Facilitators in each session guided participants in creating strategies to accomplish the action items, and metrics to measure the success of each strategy.
But first, they asked “Why?” In the first group, focused on providing more access to out-of-school activities or service-learning opportunities, attendees said lots of schools do not provide as many extra-curricular options, like art, music, and sports, due to budget cuts. The value of service and out-of-school opportunities showcase another type of intelligence and brilliance that often doesn’t have a chance to flourish during the school day, another said.
“What happens before and after school is as important as what happens during the school day,” said Tremaine Brittian, director of advising in the college of education. Brittian added that at-risk students are often those who need out-of-school support and are not getting it.
The group selected four strategies by voting on the best ideas that resulted from the smaller break-out groups:
- Take programs to the community — in faith-based organizations, libraries, and community centers where students can attend and feel comfortable.
- Have students who have participated in programs talk about their experiences with their peers.
- Create an online (and print) resource that highlights all local out-of-school opportunities for youth.
- Develop/build partnerships with local businesses to increase collaboration, share resources, cross-promote, secure transportation needs, and establish an apprenticeship model.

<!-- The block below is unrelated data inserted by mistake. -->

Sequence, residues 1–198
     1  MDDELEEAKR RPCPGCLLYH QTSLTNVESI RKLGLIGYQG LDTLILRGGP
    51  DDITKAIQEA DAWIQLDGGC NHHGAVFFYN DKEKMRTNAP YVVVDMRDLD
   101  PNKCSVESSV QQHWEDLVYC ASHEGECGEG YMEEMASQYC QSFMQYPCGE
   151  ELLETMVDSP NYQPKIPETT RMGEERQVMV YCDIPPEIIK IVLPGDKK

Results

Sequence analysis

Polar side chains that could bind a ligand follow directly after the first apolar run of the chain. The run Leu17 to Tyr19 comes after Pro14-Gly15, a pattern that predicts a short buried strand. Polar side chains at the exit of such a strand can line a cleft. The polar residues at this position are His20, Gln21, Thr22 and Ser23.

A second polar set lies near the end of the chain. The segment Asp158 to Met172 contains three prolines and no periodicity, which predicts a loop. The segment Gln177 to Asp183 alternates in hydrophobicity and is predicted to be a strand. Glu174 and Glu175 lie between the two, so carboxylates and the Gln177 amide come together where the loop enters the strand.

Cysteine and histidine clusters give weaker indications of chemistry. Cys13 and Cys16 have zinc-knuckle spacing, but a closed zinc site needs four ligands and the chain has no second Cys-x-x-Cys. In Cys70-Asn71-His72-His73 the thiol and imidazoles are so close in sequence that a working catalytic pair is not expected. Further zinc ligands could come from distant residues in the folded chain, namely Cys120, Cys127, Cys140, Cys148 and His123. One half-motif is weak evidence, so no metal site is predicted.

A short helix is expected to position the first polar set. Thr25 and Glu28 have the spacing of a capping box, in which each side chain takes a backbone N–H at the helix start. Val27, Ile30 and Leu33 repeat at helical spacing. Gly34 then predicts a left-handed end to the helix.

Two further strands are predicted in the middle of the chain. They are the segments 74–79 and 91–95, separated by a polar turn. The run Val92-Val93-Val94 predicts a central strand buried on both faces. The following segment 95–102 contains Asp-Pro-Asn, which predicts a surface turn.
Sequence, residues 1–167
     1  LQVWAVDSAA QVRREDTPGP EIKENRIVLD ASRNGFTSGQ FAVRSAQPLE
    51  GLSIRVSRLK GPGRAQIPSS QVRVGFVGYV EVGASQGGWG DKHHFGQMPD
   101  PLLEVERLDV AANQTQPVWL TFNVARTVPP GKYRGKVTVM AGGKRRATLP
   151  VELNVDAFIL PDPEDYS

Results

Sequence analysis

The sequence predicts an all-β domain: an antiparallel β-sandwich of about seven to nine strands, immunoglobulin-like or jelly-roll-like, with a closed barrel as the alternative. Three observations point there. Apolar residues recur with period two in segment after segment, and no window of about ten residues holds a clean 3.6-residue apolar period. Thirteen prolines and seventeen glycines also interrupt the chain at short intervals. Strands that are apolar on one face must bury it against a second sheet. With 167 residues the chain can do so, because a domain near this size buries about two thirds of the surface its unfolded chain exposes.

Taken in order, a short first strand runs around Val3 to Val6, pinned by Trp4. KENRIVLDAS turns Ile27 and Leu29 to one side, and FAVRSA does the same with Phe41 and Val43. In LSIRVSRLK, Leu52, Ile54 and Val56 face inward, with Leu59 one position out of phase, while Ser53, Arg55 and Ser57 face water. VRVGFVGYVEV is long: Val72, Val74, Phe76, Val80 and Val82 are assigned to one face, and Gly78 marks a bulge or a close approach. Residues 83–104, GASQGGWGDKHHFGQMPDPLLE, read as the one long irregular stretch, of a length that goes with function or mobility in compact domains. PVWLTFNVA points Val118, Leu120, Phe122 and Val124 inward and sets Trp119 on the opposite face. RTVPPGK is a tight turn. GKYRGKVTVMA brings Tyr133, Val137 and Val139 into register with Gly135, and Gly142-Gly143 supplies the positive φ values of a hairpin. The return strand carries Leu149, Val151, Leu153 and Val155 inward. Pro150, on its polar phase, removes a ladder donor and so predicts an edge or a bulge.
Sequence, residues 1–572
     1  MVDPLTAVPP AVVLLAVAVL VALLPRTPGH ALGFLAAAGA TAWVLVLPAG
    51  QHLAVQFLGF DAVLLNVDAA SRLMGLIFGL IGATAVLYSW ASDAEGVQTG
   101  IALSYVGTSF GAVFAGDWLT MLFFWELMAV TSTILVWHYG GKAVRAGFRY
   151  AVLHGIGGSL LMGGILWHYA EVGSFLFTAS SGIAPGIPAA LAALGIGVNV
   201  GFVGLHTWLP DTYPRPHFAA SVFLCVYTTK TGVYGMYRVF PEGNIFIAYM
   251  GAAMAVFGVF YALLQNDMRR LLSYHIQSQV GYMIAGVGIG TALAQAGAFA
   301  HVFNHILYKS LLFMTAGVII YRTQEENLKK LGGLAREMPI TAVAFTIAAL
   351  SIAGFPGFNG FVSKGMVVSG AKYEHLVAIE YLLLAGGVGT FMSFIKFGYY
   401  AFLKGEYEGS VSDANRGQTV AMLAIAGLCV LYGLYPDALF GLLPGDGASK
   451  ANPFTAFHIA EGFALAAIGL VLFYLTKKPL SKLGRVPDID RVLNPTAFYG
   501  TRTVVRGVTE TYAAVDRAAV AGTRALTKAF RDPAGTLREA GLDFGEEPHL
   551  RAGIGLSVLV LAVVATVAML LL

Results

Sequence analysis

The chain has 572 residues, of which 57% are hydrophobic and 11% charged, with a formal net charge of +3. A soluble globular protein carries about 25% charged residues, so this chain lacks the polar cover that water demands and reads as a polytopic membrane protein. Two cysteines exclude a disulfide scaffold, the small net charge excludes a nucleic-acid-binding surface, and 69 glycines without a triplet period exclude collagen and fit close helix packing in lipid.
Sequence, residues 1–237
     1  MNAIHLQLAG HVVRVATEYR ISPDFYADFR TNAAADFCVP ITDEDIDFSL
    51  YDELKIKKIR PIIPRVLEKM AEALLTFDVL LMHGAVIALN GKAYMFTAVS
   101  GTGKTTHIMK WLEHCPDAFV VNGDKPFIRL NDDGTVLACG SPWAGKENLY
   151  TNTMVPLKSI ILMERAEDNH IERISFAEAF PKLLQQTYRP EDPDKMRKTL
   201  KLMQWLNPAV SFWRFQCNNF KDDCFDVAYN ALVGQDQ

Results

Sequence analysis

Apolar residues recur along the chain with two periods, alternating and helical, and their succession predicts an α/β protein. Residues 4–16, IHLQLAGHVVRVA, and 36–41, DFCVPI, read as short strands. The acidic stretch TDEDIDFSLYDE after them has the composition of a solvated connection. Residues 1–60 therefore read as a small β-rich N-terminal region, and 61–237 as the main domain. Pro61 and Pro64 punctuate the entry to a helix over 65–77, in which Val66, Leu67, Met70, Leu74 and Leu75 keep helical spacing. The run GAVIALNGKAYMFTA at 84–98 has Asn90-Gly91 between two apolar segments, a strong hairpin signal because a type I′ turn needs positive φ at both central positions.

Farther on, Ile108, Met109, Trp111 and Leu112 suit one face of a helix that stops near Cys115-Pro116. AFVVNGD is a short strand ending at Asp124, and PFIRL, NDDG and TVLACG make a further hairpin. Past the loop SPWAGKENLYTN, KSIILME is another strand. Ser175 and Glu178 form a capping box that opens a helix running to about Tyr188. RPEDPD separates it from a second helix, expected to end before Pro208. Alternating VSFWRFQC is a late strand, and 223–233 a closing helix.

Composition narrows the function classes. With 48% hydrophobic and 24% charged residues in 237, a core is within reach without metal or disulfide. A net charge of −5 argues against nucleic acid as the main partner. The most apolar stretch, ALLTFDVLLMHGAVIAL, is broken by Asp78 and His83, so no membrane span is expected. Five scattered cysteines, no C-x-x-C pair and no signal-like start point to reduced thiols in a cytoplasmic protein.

The diverse combination of perspectives gave value to the conversations. One small group had representatives from the City of Raleigh, the Marbles Kids Museum, and Wake County Acceleration Academies, a program that helps drop-out high school students catch up.
The City of Raleigh employee shared that many disadvantaged students are not reached because their parents do not have emails to sign up to receive fliers about events and programs. The Marbles representative talked about how the museum’s summer camps reserves extra seats so that they do not immediately fill only with families who have the resources to know about the opportunity first. The Wake County Acceleration Academics employee shared that after they receive the list of students who dropped out in Wake County, they look up addresses and go door-to-door. She said the tactic is effective.
The conversation also centered on how organizations could work together to reach underserved children. For example, when Wake County Acceleration Academies goes and knocks on a door, the spokesperson can also mention after-school programs provided by the City of Raleigh.
Brittian asked participants to commit to carrying out these strategies and shared the next steps in the collective impact process.
In April or May, an action team meeting will meet with those who promised to stay involved from the summit to talk about how to move forward. In August, the college will hold a workshop for leadership in collective impact. And in March 2018, a one-day conference will bring participants together again to share lessons.
Jose Picart, a senior faculty fellow at the Friday Institute, said he feels there are often forums and events that result in good ideas, but nothing ever happens.
“Then we come back again and we have the same conversation,” Picart said.
He said the idea of this summit is for a group of people to agree on just one thing, and to commit to it. In other words, they will devise an action plan and carry it out.
“Then we’re making a difference,” he said.